Above is a photograph of a man driving a wagon from the Catawba Candy Company, which operated in Sandusky from 1905 until 1933.

Tuesday, November 20, 2007

Program Announcement -- Travelogues & Scrapbooks: Records of 19th & Early 20th Century World Travel by Sanduskians

Today it is relatively easy (for those who can afford it) to buy an airplane ticket and be in another part of the world in a few hours. Before the days of high-speed travel, taking a trip was a major event in one's life and was treated accordingly.

On Saturday, December 1, at 2:00 p.m. Archives Librarian Ron Davidson will present some examples from the Library's archival collections of past Sanduskians' scrapbooks, letters, and souvenirs describing their trips around the world, around the country, or just around the lakes. Among other sights, we will see views of Egypt in the 19th Century, take a trip around the Great Lakes during the Great Depression, and read accounts of people's journeys.

Registration is requested. To register, call 419-625-3834 and press 0 to speak with a switchboard operator (9-5, Monday-Friday) or press Option 6 to leave a message.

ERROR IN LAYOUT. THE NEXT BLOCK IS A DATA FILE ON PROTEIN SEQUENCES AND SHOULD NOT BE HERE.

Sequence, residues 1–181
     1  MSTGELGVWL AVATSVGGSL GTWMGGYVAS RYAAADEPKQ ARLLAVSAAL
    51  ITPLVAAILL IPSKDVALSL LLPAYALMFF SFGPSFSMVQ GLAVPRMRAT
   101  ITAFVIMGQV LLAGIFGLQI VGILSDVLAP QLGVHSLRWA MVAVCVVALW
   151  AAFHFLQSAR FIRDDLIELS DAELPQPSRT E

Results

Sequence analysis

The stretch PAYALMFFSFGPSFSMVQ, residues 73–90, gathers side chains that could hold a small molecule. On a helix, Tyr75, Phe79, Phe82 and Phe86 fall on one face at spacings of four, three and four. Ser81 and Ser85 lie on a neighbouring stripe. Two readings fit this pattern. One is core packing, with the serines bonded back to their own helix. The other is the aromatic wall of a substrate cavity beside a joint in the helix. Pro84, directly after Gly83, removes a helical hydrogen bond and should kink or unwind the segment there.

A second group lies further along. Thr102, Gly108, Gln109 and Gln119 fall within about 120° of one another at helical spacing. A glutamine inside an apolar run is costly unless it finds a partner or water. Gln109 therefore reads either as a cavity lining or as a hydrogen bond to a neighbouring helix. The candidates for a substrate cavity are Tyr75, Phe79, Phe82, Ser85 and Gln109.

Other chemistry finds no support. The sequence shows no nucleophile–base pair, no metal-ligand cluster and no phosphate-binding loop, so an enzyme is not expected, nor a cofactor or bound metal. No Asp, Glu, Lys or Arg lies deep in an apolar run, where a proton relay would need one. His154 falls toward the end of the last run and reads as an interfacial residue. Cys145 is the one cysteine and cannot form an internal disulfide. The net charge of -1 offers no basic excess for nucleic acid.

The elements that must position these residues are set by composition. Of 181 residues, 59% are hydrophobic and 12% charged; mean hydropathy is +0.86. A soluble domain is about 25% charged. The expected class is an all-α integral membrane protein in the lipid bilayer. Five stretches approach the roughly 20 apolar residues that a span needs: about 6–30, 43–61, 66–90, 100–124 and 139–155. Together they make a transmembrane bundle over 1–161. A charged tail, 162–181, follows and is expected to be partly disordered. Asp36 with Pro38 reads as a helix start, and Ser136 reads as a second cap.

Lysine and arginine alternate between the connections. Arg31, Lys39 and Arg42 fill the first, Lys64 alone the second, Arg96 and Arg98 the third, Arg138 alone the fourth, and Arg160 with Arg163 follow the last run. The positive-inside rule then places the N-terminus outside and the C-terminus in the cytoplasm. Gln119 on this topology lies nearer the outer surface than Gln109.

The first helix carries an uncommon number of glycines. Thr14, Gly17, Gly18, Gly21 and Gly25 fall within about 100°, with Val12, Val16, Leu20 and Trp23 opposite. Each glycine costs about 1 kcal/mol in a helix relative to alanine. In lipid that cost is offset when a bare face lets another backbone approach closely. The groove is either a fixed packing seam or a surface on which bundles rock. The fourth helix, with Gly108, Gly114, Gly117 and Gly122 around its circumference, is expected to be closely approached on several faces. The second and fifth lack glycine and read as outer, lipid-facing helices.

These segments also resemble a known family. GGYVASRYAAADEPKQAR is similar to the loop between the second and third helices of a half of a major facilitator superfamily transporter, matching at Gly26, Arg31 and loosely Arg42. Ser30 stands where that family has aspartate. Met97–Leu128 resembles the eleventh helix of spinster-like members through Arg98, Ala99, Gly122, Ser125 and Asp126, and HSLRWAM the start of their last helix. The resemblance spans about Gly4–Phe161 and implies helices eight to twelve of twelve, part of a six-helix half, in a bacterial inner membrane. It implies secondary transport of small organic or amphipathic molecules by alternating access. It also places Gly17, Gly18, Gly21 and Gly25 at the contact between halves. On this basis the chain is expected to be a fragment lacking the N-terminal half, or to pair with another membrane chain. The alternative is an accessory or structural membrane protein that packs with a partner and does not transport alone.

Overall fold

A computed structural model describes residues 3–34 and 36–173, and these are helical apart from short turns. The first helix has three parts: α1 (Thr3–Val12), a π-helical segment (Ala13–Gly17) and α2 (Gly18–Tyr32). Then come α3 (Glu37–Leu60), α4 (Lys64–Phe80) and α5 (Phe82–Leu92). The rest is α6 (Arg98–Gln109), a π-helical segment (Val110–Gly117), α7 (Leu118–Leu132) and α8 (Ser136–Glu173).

Friday, November 16, 2007

Aline Stem’s “First Book of Essays”

Before Aline Stem graduated from Sandusky High School in 1862, she kept a notebook of essays, beginning September 14, 1859. Aline was the daughter of Jesse Stem, a Seneca County lawyer, and his wife Matilda Pittenger Stem. She was the niece of Anna Pittenger McMeens, wife of Dr. Robert R. McMeens. After Jesse Stem was tragically killed in Texas in 1854, Mrs. Stem and her four daughters moved in Sandusky.

Here is an essay written by Aline Stem on Nov. 9, 1859:


“The Woods”

How pleasant it is in the woods in summer, when every thing is bright and green around!

It is such a grand place for picnics, berrying parties, or any thing of that kind; and here we find thousands of beautifull [sic] flowers scattered all around us; daisies, butterups, violets, forgetmenots, spring-beauties, sweet Williams and many others.

And if we go out some bright morning in Autumn after a shower, we may find a basket of truffles, or mushrooms as some call them, which make a very nice dish for breakfast.

Sandusky City
Nov. 9th, 1859
Composition No. 5

Opposite Aline’s essay on “The Woods,” are two conundrums.

Why is Frank Parish like a learned man?
Ans. Because he knows (nose) so much.

Why is Dr. McMeens like a rich man?
Ans. Because he is a man of “Meens”

In 1881, Aline Stem was married to Christian Hornung, a math professor at Heidelberg College in Tiffin. After Professor Hornung died in 1918, Aline often spent time with her sister Sarah Stem in Sandusky. It is at her sister’s home where she passed away in 1934.
Mr. and Mrs. Hornung are buried in Greenlawn Cemetery in Tiffin, Ohio.

Wednesday, November 07, 2007